JB’s Circuit—Engineers And Social Media - The Untold Story

By John Blyler

Are engineers really as inept and socially handicapped as many would believe?

It’s popular to put down engineers as geeky and socially inept. In some cases, this stereotype is true. But would you be surprised to learn that yesterday’s engineers were the pioneers of social media—tools and usage—as we know it today?

It’s true. Social media enablers like Twitter, Facebook, Google search and the like had their first prototypes long before the Internet (orginally the ARPAnet) became the Web. The only major difference was the interface. Before Mosaic, the first browser, was available and back when the Internet was first being formed only those who understood the basics of that most cherished of languages—Unix—were admitted to the network.

So how did engineers, the pioneers of social media, communicate on the early Internet? Let’s say you wanted to Twitter a friend, i.e. send him/her a one sentence message. You simply used the “Talk” utility on your DEC VT100 terminal and typed in your message: @TALK (Chris) Where are you going for lunch? Instantly, the message would appear on your friend’s screen. Each message was limited to 80 characters, whereas today’s Twitter is limited to 140 characters.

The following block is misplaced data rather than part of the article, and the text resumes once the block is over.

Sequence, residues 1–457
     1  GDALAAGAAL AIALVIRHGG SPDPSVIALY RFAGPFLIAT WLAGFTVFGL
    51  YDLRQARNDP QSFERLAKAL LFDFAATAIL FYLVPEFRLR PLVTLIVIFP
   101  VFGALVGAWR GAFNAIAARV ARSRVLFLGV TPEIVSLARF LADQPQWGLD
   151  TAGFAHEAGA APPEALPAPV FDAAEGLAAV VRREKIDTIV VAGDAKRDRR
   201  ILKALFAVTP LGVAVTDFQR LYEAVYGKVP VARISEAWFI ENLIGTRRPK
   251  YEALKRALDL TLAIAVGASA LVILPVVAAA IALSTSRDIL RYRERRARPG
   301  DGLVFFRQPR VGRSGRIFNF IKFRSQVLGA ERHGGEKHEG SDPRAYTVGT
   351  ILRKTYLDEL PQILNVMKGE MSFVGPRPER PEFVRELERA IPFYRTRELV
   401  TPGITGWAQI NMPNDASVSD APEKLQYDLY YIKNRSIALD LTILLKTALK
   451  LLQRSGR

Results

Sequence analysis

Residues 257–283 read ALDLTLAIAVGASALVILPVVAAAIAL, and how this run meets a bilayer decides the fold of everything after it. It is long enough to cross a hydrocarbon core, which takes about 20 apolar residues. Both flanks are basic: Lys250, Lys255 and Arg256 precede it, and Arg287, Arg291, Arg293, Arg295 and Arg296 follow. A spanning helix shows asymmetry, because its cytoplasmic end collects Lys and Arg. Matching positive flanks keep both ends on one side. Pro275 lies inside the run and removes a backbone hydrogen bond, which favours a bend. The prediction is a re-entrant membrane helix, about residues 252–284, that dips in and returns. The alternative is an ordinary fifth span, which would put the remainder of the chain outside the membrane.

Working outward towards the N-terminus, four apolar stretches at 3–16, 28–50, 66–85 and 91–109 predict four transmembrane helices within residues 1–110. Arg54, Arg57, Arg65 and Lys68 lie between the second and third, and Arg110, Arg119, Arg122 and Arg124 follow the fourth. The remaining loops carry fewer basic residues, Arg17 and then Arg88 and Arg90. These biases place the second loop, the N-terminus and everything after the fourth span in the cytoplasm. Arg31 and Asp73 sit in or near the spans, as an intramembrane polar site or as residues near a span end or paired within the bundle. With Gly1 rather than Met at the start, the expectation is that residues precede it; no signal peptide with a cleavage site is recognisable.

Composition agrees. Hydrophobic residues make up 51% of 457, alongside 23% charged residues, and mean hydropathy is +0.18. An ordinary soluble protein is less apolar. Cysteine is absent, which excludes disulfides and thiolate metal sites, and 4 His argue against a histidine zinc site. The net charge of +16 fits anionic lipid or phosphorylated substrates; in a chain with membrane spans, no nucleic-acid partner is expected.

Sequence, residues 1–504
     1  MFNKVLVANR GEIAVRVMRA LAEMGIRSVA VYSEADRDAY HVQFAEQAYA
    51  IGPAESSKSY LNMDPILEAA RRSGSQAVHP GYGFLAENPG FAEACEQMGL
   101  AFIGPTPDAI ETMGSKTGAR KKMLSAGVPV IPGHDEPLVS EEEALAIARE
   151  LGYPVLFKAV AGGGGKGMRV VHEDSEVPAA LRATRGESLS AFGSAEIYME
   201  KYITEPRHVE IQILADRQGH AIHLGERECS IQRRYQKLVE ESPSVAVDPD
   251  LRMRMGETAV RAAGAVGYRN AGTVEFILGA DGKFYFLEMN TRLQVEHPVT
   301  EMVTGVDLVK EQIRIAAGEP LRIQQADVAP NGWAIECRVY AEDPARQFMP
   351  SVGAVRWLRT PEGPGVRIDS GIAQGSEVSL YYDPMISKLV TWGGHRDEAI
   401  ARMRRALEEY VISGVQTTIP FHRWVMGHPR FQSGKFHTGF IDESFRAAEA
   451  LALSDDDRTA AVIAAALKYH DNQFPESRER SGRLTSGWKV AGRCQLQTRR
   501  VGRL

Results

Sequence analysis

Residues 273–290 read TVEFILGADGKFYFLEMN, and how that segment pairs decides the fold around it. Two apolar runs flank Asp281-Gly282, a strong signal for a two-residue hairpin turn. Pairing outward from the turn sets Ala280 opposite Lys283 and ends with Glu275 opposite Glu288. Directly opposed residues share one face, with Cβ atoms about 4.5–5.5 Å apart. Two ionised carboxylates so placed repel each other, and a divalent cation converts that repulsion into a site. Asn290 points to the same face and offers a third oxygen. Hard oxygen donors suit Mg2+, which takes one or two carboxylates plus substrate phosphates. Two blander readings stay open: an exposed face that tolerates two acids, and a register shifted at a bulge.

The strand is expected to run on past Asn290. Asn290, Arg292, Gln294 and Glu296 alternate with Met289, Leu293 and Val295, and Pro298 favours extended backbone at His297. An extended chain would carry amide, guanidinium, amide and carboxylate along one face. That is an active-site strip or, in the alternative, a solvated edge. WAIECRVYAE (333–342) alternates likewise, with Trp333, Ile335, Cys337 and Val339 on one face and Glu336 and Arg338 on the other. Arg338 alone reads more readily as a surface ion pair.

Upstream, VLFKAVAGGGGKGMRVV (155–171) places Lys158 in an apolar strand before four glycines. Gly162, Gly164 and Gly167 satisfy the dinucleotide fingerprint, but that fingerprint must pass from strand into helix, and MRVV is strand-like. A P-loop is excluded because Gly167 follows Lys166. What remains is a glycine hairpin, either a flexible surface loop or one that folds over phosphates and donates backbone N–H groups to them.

For longer messages, similar to today’s Instant Messengers, you could use Telnet to open a text application (remember the VI editor?) pull up a file you had written. A little later on, you could

To read more of John’s blogs, please visit: http:// www.chipdesignmag.com/blyler